While reading, the reader manages to make social sense of the presented fictional world through “mind reading” (theory of mind), which is the “rough-and-ready evolved folk psychology that we use to represent ourselves the beliefs, intentions, and desires of other people” (Vermeule 35). What blanks and gaps were to Iser are now the presented beliefs and desires of fictional characters which the reader needs to interpret according to her mind reading abilities. As a human being, the reader is naturally capable of interpreting a counterpart’s mental state based on the presented behaviour or actions since humans naturally engage with and make sense of each other simply by observing, as supported by Rizzolatti and the discovery of the mirror neurons. Contrary to real-life mind-reading, however, fictional mind-reading presents a welcomed opportunity for readers to engage in social interactions without the pressure of decoding social situations accurately: “one of the pleasures of reading novels is the enjoyment of being told what a variety of fictional people are thinking (…). This is a relief from the business of real life, much of which requires the ability to decode accurately the behaviour of others” (Palmer qtd. in Zunshine, Why We Read Fiction 19).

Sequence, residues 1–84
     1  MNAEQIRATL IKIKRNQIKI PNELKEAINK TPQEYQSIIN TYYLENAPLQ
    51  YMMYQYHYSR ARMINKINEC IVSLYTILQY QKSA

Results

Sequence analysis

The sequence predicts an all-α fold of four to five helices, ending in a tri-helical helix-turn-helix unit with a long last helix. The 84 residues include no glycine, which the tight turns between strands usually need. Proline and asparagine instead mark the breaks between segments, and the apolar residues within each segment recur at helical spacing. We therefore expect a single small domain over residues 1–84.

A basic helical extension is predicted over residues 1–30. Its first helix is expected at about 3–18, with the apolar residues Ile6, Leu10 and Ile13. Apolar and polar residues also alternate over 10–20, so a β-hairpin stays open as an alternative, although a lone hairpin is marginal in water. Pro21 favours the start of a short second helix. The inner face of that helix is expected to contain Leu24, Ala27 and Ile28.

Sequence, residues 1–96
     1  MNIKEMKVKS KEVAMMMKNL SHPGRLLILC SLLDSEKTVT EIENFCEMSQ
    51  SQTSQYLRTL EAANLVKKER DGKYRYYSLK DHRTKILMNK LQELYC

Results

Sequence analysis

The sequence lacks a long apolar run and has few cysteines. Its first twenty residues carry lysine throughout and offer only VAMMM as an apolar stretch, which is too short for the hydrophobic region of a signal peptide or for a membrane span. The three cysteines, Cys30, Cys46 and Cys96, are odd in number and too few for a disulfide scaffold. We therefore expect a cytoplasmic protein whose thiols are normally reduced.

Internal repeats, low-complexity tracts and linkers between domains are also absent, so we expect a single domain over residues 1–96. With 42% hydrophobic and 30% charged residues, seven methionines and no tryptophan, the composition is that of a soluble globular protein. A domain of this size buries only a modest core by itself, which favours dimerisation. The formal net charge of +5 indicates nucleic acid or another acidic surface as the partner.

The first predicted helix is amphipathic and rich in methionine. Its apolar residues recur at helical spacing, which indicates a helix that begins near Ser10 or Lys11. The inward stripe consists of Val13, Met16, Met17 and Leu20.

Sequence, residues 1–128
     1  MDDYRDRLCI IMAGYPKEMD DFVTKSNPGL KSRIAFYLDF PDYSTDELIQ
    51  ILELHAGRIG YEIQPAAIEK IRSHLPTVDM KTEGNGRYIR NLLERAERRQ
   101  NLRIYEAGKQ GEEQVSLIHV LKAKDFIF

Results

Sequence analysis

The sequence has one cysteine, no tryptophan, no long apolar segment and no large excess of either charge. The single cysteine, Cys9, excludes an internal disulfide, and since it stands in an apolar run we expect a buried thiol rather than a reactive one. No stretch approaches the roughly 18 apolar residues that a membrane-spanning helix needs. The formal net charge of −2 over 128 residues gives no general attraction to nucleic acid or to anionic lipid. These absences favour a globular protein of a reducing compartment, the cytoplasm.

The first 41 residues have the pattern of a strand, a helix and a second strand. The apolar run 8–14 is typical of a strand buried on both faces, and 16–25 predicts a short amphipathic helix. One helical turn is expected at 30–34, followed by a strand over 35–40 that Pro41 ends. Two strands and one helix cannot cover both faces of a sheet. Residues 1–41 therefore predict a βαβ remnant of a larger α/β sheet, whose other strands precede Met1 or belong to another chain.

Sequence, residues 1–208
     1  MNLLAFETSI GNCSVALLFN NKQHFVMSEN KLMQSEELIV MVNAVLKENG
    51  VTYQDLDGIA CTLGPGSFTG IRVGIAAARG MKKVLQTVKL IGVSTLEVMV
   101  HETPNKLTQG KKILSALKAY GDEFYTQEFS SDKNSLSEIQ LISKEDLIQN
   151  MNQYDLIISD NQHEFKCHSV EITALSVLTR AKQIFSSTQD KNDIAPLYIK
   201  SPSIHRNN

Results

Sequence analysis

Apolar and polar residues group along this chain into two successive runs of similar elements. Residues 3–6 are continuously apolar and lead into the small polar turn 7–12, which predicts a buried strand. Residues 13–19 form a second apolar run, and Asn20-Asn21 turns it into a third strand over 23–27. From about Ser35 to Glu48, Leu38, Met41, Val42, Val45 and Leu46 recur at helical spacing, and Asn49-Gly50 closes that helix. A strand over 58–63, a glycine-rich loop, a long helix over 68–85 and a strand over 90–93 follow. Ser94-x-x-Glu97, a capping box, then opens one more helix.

Theory of mind is thus the theoretical explanation for our innate ability to understand and attribute the correct mental states to characters in “scenarios that we know to be fictional” (Vermeule 38). With the help of mirror neurons, readers are capable of crossing the distance into a fictional story world and of making sense of the presented mental states: “Knowing what other people are thinking and being able to predict what they are going to do are two of the most important cognitive skills we humans possess” (34). The most important narrative device facilitating mind-reading revolves around the fictional character and the narrative empathy readers appoint them. Contrary to the theory of mind (theory theory), narrative empathy (simulation theory) “holds that people read others minds not by having a theory about what those minds are like but by running in their own minds the mental states experienced by the person who is the target of their mind reading” (39).
With the help of narrative empathy, humans “simulate other people’s states of mind” rather than simply make assumptions like they do with mind reading (Vermeule 35). Empathy, in its broadest sense, is the “sharing of the feelings of others”, the actual feeling of somebody else’s mental states and emotions (Nünning 21). A more detailed definition based on the academic workings of Keen, Coplan, Gallagher and Caracciolo, as summarized by Carolina Fernandez-Quintanilla, reads as follows: